I don't think it means professor in English.
In French, ("maîtresse d'école" if there is any ambiguity you want to mention the school, because you don't want it translated as mistress. Mostly, you wlll hear children call them this way), "institutrice", "enseignante", "professeure" (or "professeur" if there is no article) seem to all be words for "teacher". In English, there is one common word. Professor is used for a kind of teacher at the college or university level. So you would have to say "professeur d'université" to mean the English word "professor". For enseignante you would also need extra wording, for instance "enseignante chercheur" is a professor who teaches and does research, which most "professors" do here. In English, teachers teach, and yes professors teach also, but teaching is not enough to be a professor.
We could report to Duolingo to accept "educator" or "instructor" for "enseignante". Instructor is used even at the University if the teacher is not a professor. Instructor is also the word used for business training and workshops. Educator is rather a formal word for a teacher and is used when talking about them, but not to them. It is used with other words to show a specialty, such as "early childhood educator", which is translated jnto French as "éducatrice de la petite enfance".
"Instituteur" and "Institutrice" must not be confused with the English "instructor" as those French words are used for primary school since schools were considered institutions of learning. My understanding is that there is a movement (1991) to say primary school teacher as "professeur d'école". "Enseignante" is also very versatile.
http://www.larousse.com/en/dictionaries/french-english/enseignant/29698 http://dictionnaire.reverso.net/francais-anglais/enseignante http://dictionnaire.reverso.net/francais-anglais/educatrice http://www.larousse.fr/dictionnaires/francais/instituteur/43443?q=institutrice#43365 http://www.larousse.fr/dictionnaires/francais/ma%c3%aetre/48732?q=maitresse#48644 http://www.larousse.fr/dictionnaires/francais/professeur/64155
Let's look at the "you are teaching" portion of your sentence. This translates to French as "vous enseignez" (not "vous êtes enseignant"). There are several problems with saying saying that "vous êtes enseignant" is "you are teaching".
- French does not have a present continuous tense. I.e., "vous enseignez" may be translated to English as either "you teach" or "you are teaching".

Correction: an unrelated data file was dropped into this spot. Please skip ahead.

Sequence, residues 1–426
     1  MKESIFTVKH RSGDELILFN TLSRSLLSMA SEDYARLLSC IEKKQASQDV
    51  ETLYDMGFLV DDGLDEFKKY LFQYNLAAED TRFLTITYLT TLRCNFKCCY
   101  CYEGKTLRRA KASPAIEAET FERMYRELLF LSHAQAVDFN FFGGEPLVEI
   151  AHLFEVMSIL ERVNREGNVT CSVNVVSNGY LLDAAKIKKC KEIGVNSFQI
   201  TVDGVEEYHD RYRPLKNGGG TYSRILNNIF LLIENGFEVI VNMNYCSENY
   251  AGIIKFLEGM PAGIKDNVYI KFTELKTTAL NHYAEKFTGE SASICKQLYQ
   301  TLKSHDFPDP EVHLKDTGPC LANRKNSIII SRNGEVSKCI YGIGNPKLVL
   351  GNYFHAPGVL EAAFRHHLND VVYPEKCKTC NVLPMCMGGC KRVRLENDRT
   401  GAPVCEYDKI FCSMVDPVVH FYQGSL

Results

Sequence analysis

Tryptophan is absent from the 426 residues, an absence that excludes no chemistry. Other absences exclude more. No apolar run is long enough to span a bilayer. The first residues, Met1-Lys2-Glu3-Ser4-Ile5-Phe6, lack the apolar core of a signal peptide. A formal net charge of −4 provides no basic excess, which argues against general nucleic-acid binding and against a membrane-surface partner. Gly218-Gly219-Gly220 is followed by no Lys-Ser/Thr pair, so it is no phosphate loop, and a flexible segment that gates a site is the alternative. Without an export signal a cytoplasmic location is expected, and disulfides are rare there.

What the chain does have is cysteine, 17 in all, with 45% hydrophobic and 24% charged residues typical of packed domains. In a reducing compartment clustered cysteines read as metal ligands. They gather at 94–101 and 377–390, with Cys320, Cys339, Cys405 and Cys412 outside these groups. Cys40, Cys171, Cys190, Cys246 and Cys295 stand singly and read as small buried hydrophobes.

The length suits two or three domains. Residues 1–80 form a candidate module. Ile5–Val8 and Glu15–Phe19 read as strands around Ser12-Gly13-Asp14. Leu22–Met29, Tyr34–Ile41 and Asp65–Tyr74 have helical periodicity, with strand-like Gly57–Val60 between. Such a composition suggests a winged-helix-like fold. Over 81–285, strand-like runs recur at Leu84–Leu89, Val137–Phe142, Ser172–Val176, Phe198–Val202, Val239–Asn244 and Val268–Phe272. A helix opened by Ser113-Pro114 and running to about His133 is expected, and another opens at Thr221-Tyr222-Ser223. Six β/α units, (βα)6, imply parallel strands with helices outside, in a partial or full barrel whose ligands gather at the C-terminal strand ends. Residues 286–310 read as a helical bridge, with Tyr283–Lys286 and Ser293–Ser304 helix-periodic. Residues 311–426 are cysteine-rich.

- Non-English speakers may want to back-translate word for word to French: vous (you) are (êtes) teaching (enseignant). That is wrong. In English, "you are teaching" is "vous enseignez", not "vous êtes enseignant" (the latter means only that "you are a teacher").
- Using the "gerund" form of the verb to mean "teaching" refers to "teaching" as a noun, e.g., L'enseignant est une profession importante. = Teaching is an important profession. But English does not use "teaching" in the context of "vous êtes enseignant". It is not natural or idiomatic English to use "teaching" as a noun in this expression.
- In "vous êtes enseignant," "enseignant" is a noun (teacher). The fact that it is identical to the present participle of the verb enseigner may be confusing.
- If "you are teaching" was accepted (two years ago) for "vous êtes enseignant", it was and is an error. It is not accepted.
Be aware that while many UK English speakers use "auntie" or "aunty" in place of "aunt", this presumes a co-opting of "tante" = "aunt". The Oxford French Dictionary describes the familiar terms "aunty" and "auntie" as "child language" which corresponds to the French, la tantine/tatan/tatie/tata. Duolingo understands that large numbers of English-speakers use the more familiar term every day but also wants learners to know that there is a difference between the standard "tante" and the informal "tantine/tatan/tatie/tata".
Welcome to Duolingo, mate! "Aunty" is now accepted! But be aware that 26 million Aussies may have co-opted the informal term and ignored the direct word (aunt). Remember that what we're talking about is not what a person calls their aunt (It's Aunty Barb on the phone), but what the relationship is. Remember that the informal FR tatie/tatan/tantine/tata are the equivalent for "auntie/aunty", whereas "la tante" = aunt.
That's cutting it pretty fine. An instructor is usually someone who specializes in a specific (narrow) topic. Whereas a teacher is a general term for anyone who teaches. For the narrow subject matter, we would not say that person is a teacher, but an instructor. For the general sense (broad subject matter), we would say the person is a teacher, but not an instructor. Having said that, the French may sometimes use "professeur" in the sense of an instructor, but when looking at it from the English side, instructor is used as:
- moniteur/-trice (m/f) (in sports, driving, flying)
- instructeur (m) (military)
- éducateur/-trice (m/f) (in prison)